Any scientific discipline needs a theoretical framework to guide its development and to sharpen the questions its researchers pursue. In biology, evolution is the grand theoretical framework, and an his torical perspective is necessary to understand present-day biological conditions. In its formative years, the modern study of the fruit-frugivore mutualism was guided by the 'specialist-generalist' paradigm developed by D. Snow, D. McKey, and H. Howe. Howe reviews the current status of this evolution ary paradigm and points out that it has been dismissed by many workers before being adequately tested. This is because ecologists working with the tropical plants and frugivorous birds for which the paradigm was originally developed rarely measure the seed dispersal effectiveness of different disperser species. He indicates that this paradigm still has heuristic value and suggests that several additional ecological paradigms, including the concept ofkeystone species ofplants and frugivores and the role that frugivores play in density-dependent mortality in tropical trees, are worth studying. The concept of seed dispersal quality has been central to discussions of fruit-frugivore coevolution. Schupp thoroughly reviews data bearing on this concept, constructs a hierarchical framework for viewing disperser effectiveness, and points out that disperser effectiveness depends on both the quantity and quality of seed dispersal. Effectiveness, in turn, affects both evolutionary and ecological relationships between dispersers and their food plants.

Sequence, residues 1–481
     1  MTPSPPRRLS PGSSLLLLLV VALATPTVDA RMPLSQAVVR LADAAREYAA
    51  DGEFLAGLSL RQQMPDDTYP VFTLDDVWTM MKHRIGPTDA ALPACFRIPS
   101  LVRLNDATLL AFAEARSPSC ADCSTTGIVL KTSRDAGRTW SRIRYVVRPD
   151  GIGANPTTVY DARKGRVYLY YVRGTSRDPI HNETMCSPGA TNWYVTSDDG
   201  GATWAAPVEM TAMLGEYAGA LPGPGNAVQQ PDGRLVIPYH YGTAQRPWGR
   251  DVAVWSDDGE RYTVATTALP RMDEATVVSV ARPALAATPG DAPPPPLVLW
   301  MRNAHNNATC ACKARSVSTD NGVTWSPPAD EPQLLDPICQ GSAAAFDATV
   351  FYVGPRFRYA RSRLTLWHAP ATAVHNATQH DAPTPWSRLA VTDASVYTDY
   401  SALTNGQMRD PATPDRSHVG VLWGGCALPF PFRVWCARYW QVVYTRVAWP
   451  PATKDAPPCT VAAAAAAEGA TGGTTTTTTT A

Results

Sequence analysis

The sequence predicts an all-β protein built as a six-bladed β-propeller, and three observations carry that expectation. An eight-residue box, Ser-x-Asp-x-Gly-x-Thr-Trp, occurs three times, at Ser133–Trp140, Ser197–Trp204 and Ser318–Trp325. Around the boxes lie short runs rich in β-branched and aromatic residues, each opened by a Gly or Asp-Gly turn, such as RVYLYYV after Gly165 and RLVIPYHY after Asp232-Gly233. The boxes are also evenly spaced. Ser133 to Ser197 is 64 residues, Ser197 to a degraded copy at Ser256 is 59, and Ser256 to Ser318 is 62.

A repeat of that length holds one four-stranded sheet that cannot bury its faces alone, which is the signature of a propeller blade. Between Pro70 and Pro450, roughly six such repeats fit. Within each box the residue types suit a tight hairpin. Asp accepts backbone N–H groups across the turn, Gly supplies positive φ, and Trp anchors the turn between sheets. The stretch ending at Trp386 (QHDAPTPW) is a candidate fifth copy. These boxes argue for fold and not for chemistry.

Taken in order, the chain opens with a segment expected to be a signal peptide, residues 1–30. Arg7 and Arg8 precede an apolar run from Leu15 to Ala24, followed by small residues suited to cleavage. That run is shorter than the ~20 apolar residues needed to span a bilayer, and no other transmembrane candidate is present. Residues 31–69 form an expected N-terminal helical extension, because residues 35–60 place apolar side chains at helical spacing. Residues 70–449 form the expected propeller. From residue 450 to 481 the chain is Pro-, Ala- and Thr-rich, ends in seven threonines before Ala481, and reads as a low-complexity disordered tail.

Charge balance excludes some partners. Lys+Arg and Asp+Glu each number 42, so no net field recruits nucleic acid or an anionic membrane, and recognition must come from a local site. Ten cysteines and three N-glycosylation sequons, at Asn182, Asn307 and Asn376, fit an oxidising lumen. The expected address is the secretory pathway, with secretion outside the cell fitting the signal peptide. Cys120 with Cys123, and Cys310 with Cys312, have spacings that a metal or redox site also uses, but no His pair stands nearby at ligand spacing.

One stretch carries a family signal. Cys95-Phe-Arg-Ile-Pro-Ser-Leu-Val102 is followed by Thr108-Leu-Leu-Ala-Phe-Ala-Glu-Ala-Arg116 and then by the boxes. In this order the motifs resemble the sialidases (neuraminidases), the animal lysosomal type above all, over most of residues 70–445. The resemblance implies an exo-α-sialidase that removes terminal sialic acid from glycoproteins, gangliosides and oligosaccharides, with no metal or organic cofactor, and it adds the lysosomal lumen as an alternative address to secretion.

Specialized and generalized dispersal systems: where does 'the paradigm' stand?.- Quantity, quality and the effectiveness of seed dispersal by animals.- The population-dynamic functions of seed dispersal.- Consumption of fruits of the Melastomataceae by birds: how diffuse is coevolution?.- Speciation and coevolution: an interpretation of frugivory phenomena.- Geographical ecology and variation of plantseed disperser interactions: southern Spanish junipers and frugivorous thrushes.- Opportunism vs. specialization: the evolution of dispersal strategies in fleshy-fruited plants.- Consequences for seed distributions of intra-crob variation in wingloading of wind-dispersed species.- Evolutionary ecology of mast-seeding in temperate and tropical oaks (Quercus spp.).- Aspects of variation in a neotropical seed dispersal system.- Fruit size in a tropical tree species: variation, preference by birds, and heritability.- Spatial distribution of understory fruit-eating birds and fruiting plants in a neotropical lowland wet forest.- Weak interactions between avian and insect frugivores: the case of Pistacia terebinthus L. (Anacardiaceae).- Ecological and behavioral consequences of digestion in frugivorous animals.- The influence of seed packaging and fruit color on feeding preferences of American robins.- The influence of pulp lipids on fruit preference by birds.- Seed dispersal versus seed predation: an inter-site comparison of two related African monkeys.- Patterns of frugivore species richness and abundance in forest islands and in agricultural habitats at Los Tuxtlas, Mexico.- Dispersal mode seed shadows, and colonization patterns.- The influence of seed dispersal mechanisms on the genetic structure of tropical tree populations.- Soto-Castro, Seed rain and advanced regeneration in a tropical rain forest.- Monitoring seed dispersal at isolated standing trees in tropical pastures: consequences for local species availability.- The role of seed dispersal in the natural regeneration of rain forest after strip-cutting in the Peruvian Amazon.- Spatial scale and dispersion pattern of ant- and bird-dispersed herbs in two tropical lowland rain forests.- Removal of seeds from frugivore defecations by ants in a Costa Rican rain forest.- Predation by vertebrates and invertebrates on the seeds of five canopy tree species of an Amazonian forest.
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